• It’s fun: You can tell your friends and neighbors all about what you’re doing and make yourself look like a clever scientific-minded horticulturalist in the process! Hydroponics is so much fun because you’re controlling all the variables needed for maximum plant growth.

What you can grow

The sky’s the limit with what you can grow. Some plants are easier to grow than others and certain plants will prefer specific feeding systems.

Make sure you do decide what crops you want to grow as this impacts the type of system you should make.

  • Root vegetables, such as potatoes, turnips, carrots, parsnips, onions, yams, etc., will need a little extra care than above-ground veggies. However, all of these plants can thrive and bring you massive yields with a little experimentation.  The best system should have a large grow tray such as an ebb and flow system.
  • Water hungry fruits and veggies such as melons (all kinds), tomatoes, berries, lettuce, squash, cabbage, zucchini, cauliflower (anything large or juicy) – will prefer constant water and don’t grow well using a wick or raft system.
  • Herbs and leafy greens all grow exceptionally well using any growing method, including thyme, tarragon, parsley, lavender, dill, fennel, marjoram, cilantro, spinach, kale, coriander, etc.

hydroponic tomatos Good starting guides

If you’d like to try to make a hydroponic system this spring, I’d recommend checking out instructables.  People have posted lots of creative DIY systems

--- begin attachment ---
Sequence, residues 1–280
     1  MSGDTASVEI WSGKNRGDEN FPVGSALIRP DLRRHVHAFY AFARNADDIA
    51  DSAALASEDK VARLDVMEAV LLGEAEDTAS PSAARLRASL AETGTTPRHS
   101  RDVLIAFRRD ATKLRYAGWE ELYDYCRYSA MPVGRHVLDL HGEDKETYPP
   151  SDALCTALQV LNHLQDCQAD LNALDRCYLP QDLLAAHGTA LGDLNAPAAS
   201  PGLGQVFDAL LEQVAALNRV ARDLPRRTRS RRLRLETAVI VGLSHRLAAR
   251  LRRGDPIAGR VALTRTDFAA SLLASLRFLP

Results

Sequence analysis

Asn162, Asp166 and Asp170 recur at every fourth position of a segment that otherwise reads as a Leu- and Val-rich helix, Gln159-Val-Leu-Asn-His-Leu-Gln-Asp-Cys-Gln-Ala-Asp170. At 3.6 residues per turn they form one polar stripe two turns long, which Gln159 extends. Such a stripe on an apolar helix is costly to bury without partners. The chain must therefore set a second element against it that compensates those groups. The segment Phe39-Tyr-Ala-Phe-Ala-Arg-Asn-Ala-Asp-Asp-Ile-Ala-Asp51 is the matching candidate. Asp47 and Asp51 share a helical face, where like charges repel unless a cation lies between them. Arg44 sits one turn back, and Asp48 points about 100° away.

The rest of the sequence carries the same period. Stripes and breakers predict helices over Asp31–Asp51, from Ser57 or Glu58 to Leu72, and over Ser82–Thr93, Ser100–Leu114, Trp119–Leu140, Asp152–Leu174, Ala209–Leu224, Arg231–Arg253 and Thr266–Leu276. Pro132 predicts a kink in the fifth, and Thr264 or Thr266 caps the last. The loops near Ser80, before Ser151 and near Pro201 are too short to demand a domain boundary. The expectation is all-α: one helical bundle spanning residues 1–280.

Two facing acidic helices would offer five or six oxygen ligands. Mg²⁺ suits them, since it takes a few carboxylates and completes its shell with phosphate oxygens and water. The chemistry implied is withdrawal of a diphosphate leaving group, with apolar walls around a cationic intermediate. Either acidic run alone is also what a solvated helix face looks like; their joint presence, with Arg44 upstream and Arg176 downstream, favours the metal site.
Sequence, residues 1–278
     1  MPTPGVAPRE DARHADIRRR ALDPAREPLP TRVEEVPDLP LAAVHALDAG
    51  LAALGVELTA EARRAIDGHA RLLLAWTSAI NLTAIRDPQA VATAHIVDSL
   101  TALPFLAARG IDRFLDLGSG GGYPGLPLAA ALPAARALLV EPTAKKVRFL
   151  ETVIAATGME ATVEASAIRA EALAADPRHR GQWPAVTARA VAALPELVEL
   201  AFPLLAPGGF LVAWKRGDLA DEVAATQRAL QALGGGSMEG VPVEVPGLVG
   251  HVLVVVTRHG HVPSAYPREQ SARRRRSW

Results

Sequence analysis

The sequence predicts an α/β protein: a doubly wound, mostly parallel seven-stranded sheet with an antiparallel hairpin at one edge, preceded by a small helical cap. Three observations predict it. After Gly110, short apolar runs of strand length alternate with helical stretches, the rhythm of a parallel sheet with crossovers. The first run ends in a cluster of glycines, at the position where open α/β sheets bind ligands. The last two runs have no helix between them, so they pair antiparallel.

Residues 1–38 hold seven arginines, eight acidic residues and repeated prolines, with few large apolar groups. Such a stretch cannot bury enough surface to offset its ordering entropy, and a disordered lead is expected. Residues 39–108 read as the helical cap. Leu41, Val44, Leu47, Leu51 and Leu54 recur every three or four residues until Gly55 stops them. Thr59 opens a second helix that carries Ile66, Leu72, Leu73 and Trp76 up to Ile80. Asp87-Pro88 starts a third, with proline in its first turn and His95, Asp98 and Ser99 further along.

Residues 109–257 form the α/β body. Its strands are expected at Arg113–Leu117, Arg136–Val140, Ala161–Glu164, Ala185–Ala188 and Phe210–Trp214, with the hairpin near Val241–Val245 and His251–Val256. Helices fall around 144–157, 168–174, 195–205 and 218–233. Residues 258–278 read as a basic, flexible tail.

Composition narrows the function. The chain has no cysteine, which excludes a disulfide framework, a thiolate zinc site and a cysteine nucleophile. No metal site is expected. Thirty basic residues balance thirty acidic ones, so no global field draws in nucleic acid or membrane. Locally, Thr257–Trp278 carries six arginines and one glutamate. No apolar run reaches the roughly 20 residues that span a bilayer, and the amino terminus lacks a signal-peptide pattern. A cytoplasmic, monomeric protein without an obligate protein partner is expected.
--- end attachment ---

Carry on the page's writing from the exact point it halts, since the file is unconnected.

6 thoughts on “Outdoor Hydroponic Gardening – Is It Possible?

  1. I knew that a hydroponic garden is thought of to be a “space saver” garden, given that you’re able to generate a beautiful backyard in simply a third of the area needed of an outdoor garden. Now I’m convinced it is very possible to have an outdoor hydropnic garden. But to be profitable, for both the indoor and outdoor hydropnics gardens, the max importance has the quality of water applied. A water filtered by some filters or water softeners will provide extra life to the backyard, and a gratification to look at a day by day growing green corner!


  2. Great post. We’ve tried to put together a guide on picking a hydroponics system over at junglemachines.wordpress.com that might complement this post somewhat. One major problem with hydroponics systems is that they are ugly, so people don’t like them in highly-visible areas of the house. Putting a system outside might be the perfect solution.


  3. Hm, recirculating means still that these plants somehow need to be protected from outside conditions like e.g. a torrential rain, wouldn’t they? As for the indoor energy costs: most could be offset if people were using suncs thermal energy hitting their roofs instead of relying on the grid and/or using photovoltaic solar panels whose energy can not only not be stored but yields only a third of the energy harvest that thermal collectors would. The future of heating hydroponics or aquaponics lies with (thermal) solar. Compared to these saving the electricity bill for lighting will be negligible in the end, though outdoors light still will always remain the “real thing”.